Narrative Crisis: Story vs. The Idea Men

I’m still working it all out.  But I do know this:

Story matters.

Grant Morrison and the Cerebral Compression Ray

Lots of caterwauling on the forums this week, and much of it aimed at Superman Beyond 3D, the first of a two part Final Crisis tie-in by Grant Morrison. Five clams gets you 40 pages and 3D glasses in case you tossed the pair from your last Kid Cuisine. It’s a book of big ideas from one of the most thoughtful and inventive minds in comics. As Jimski’s mom might say, this is rocket surgery. Make no bones, I’m a Morrison fan. Arkham Asylum, for me, is the Bat book to beat. Miller and Moore were worthy contestants, but my smooches go to the book that weaned Harvey Dent off the coin with dice and cards. I am literally and figuratively buying what he’s selling. But when I hit the mad Scotsman’s corner for some choice and mind altering product and he palms me the Snickelfritz, I will gripe. In the words of countless cats across the internet: “Do not want!”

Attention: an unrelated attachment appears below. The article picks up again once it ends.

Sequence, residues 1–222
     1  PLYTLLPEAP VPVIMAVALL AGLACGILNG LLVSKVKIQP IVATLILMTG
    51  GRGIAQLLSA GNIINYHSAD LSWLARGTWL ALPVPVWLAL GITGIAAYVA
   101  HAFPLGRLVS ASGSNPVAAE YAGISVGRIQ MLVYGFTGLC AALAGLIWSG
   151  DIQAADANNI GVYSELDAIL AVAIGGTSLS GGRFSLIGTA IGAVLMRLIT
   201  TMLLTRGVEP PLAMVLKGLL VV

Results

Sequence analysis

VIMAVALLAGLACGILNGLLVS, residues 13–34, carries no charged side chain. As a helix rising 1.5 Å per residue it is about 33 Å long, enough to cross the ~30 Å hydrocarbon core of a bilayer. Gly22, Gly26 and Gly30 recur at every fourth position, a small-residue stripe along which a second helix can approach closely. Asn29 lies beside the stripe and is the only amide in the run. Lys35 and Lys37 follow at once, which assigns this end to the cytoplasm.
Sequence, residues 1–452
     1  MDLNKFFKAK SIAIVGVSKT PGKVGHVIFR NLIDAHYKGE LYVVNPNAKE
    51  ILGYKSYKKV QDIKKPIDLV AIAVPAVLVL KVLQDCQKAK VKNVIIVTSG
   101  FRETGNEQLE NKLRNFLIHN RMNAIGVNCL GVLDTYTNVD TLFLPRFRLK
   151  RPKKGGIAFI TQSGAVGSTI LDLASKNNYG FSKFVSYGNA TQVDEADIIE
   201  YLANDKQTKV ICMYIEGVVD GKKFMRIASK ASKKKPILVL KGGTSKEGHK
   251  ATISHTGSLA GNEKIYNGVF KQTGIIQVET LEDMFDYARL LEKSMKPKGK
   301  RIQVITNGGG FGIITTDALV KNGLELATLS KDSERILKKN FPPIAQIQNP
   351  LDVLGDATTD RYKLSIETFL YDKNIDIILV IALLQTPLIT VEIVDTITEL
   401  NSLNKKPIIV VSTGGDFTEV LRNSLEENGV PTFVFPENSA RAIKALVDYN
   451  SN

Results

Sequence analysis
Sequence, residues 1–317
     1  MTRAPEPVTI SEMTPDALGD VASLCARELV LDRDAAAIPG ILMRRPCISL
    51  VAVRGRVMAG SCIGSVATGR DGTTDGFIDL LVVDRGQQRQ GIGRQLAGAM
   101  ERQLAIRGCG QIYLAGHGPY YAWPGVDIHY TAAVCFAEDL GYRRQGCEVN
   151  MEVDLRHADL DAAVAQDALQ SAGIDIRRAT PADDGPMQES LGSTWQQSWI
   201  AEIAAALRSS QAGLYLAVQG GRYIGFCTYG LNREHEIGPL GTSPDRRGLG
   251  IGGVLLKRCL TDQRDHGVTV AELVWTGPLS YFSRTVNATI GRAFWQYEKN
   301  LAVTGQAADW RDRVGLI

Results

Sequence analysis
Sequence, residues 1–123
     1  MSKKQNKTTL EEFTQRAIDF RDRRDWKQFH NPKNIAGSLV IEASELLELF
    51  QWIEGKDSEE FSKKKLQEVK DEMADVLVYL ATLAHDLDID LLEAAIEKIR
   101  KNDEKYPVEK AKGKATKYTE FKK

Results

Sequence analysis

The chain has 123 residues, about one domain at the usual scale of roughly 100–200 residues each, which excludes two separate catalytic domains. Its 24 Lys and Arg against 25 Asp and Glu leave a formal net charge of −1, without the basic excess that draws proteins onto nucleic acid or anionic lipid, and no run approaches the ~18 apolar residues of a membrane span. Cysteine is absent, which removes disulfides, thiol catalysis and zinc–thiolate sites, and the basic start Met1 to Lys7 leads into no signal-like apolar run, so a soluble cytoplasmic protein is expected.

I was particularly excited to pick this book up. If you gave me the broad outline for the story, I’d still be interested. And having read the book… I’d still very much like to hear the story. As it stands, I feel as if I got my hands on a treatment. Forty pages of dazzling ideas with the flimsiest of narratives. An Eeyore stick tent in contrast to the stately mansion it might have been. An illustrated essay. For the full effect, Superman might as well have been drawn with a script in hand. I set the book down at a complete loss. And not because I couldn’t follow the metapsychobabble. Something was missing.